Well I don't believe I've said that every Isa Brown chicken will get every disease. My friend told me today over the phone that he will need to kill 45 Isa Brown chickens. I could always make a video, though I do live a reasonable distance away from him. I saw his chooks when he bought them from a egg farmer who said they were '2 years old'. He bought 100, and some were pretty good.
He sold to me 5 ISA Brown chooks which looked pretty good. He'd picked out the best and taken some to the markets, I bought the 5 then. Best of the best you might say. Two of those have died so far in the few months I've had them. One at a time they'd stopped eating, didn't get back onto the perches with the other chooks (flock size about 24 assorted breeds), didn't return to the coop at night and I'd find them and gently carry them inside.
I haven't lost any other breed to disease, just the ISA Browns, I think one or possibly two of the ISAs left still lay occasionally, very very weak shelled eggs that usually break with handling, or are broken a little in the nest.
One of the ISA Browns has a chronic problem breathing and often has a foamy eye. She can get around and up onto the perches, but doesn't lay, but I feel she has a reasonable life even though she is ill. She usually doesn't forage. The other breeds all do, often in neighbors yards, and they cross the roads too (!)
So out of the 100 my friend got, 45 are to be put down, I have seen those 45 and such a very very heartbreaking sight they are. My friend loves animals, and cares well for all the animals I've seen him and his family keep. The ISA Browns no longer have anything looking like a feather coat, most have stalks of feathers coming out of their wings. A lot are pretty much bald, they all look very very unhealthy. I guess I can take some pictures if you'd like to see, though it's not pretty in any way.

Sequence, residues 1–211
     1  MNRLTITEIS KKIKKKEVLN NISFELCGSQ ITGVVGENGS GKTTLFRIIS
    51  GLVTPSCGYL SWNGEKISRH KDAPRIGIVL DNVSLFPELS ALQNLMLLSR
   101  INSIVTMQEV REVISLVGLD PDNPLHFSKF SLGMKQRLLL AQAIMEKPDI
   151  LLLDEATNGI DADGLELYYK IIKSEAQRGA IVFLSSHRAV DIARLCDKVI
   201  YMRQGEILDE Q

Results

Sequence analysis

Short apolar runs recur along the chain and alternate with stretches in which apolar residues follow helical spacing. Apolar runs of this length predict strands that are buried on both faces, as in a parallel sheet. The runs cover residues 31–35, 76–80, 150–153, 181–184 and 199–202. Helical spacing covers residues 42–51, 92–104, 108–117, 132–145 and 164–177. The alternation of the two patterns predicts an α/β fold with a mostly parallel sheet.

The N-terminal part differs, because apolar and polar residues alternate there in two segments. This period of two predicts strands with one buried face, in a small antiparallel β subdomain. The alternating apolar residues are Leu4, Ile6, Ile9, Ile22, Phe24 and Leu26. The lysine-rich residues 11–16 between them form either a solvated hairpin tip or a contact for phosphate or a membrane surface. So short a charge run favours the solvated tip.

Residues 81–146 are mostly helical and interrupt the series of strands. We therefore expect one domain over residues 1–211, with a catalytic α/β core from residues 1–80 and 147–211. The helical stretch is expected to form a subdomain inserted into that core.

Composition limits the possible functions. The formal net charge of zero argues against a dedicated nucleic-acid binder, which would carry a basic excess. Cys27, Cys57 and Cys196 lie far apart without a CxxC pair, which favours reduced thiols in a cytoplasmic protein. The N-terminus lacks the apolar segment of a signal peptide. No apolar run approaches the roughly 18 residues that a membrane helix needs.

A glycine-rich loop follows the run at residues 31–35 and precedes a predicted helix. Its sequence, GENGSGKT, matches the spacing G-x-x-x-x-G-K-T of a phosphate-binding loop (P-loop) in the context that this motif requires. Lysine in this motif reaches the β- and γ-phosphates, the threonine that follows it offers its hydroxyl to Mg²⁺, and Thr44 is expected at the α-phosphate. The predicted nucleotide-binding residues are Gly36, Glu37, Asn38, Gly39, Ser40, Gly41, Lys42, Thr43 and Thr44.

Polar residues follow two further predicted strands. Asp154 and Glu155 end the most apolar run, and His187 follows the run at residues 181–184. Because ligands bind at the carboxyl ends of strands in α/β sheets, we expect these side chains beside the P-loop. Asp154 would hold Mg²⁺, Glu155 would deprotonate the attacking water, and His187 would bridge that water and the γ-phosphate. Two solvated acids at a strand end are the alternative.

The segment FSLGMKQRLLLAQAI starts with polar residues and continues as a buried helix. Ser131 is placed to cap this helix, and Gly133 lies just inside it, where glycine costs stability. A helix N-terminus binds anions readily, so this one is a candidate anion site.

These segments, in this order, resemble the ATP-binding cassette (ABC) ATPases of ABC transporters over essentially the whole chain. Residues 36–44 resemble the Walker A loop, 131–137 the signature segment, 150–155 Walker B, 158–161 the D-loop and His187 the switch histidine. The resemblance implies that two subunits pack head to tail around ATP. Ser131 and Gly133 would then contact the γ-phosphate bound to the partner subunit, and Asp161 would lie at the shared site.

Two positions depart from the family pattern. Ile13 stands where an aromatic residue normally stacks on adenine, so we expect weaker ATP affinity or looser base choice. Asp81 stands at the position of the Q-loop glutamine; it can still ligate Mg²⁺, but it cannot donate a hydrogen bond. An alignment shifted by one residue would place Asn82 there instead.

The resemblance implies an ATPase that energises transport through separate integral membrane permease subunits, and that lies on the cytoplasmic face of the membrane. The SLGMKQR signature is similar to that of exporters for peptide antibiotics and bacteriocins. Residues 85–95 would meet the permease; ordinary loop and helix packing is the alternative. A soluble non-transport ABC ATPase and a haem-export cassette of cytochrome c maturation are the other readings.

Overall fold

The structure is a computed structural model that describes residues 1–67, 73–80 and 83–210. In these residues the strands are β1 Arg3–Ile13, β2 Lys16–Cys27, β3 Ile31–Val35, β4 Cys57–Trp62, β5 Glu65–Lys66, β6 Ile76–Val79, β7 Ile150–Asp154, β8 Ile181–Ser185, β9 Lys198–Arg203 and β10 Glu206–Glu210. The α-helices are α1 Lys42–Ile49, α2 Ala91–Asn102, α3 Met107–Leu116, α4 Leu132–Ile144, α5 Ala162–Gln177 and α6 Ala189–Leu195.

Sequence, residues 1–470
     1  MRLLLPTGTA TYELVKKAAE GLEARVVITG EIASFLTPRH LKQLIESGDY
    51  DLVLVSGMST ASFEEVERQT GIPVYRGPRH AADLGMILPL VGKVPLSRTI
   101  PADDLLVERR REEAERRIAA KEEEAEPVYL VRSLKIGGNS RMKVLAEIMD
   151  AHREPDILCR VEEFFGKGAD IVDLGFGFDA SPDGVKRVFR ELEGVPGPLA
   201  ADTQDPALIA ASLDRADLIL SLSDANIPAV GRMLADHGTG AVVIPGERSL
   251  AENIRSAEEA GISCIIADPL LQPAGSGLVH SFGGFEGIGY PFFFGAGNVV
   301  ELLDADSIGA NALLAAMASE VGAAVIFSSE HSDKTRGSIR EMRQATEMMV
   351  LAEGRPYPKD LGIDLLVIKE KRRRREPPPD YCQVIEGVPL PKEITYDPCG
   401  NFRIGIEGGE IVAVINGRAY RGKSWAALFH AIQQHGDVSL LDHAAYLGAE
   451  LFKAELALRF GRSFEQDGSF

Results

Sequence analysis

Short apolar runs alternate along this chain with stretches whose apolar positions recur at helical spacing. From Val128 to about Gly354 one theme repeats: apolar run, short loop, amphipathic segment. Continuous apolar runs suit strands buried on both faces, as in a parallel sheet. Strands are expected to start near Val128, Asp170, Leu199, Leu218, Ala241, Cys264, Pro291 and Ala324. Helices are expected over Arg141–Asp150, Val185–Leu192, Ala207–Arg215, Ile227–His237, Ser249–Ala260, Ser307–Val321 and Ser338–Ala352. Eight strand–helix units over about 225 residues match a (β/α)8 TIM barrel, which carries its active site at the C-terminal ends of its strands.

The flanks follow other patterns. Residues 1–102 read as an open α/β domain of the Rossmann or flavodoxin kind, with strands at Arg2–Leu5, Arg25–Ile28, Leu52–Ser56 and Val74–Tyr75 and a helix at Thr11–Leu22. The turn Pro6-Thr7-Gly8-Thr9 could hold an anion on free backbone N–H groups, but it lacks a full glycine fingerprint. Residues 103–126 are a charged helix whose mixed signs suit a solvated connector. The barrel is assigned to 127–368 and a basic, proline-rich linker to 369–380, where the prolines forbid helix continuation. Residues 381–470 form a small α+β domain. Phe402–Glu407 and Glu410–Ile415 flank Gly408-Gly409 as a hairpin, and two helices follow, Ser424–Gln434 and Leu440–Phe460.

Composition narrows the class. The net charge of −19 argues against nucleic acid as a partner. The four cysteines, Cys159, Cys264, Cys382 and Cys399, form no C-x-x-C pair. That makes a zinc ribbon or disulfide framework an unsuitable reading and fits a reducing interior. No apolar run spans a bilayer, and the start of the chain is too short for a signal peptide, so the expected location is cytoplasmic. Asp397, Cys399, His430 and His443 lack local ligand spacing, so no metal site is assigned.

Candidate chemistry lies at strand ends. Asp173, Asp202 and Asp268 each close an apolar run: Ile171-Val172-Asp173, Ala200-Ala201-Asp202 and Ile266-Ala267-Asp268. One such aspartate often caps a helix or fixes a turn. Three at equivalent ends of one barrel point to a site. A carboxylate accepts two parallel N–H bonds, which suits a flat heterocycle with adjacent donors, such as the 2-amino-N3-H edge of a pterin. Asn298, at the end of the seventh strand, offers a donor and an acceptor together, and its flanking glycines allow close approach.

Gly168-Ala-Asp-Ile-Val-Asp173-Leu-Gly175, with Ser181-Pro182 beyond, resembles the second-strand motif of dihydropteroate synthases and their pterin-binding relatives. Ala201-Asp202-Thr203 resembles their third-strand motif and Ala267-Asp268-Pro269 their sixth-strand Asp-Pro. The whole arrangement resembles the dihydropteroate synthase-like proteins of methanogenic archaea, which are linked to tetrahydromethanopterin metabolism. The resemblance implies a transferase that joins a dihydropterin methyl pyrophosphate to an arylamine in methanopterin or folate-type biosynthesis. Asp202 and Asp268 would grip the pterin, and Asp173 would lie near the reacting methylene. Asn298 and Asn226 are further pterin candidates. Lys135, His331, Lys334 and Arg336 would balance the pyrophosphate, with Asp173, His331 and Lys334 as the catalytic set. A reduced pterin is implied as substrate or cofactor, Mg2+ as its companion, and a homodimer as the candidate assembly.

ISA Browns that are over 2 years old, about 2 1/2 years, look to me more what you'd see in the newspaper with "RSPCA raid" written over the top of it. I got the best of the best and 40% are dead, 20 % are sick and about 20% lay on occasion. I don't think that what I've said above was controversial at all.
I have read somewhere that they cannot make new feathers because they lack something genetically and get to pecking. Luckily my 5 don't do that so much that it is any kind of problem.
I think mine have an excellent diet, apart from the wheat, pellets and grit, my yard is a haven for living things with every bug and critter a chook could want and lovely friendly neighbors who drop off scraps. Another neighbor has a little dog that recently visits about the same time the neighbor who drops off scraps does, and apparently that explains the little dog getting fat recently according to the owner. My chooks and I do not mind at all, it's just doing what a puppy does and the chooks get plenty of the scraps. A feral cat was an actual problem but that has been fixed since.
So 60% of the best of the best are sick or dead, and 45 are going to be put down because they are in a condition that nobody would argue with the course of action. Photos, video, proof? I don't know what you'd like or if you'd like anything at all, but I honestly believe it is quite fair or even generous. They do lay everyday from the time they start laying until they reach 2 years and are economical to keep.
I'm not sure that pretending there is no problem when there is a ISA Brown breed related problem does justice to the poultry keeping community, INCLUDING commercial breeders and egg producers. Do we really want to push an open and honest industry into something more dark and dishonest and shady ? Or permanently put off backyard keepers from keeping poultry ? How would this site function if every family got ISA Browns and watched them die horribly and fast in front of the kids. Would that put them off keeping chicks, and therefor this site, or would it be better to openly and honestly discuss that ISA Browns like all breeds have problems and openly honestly talk about those problems, and recommend breeds that suit the owner. ISA Browns are great for egg producers, but one size doesn't fit all, and pretence doesn't help anyone. Am I wrong on all of this ?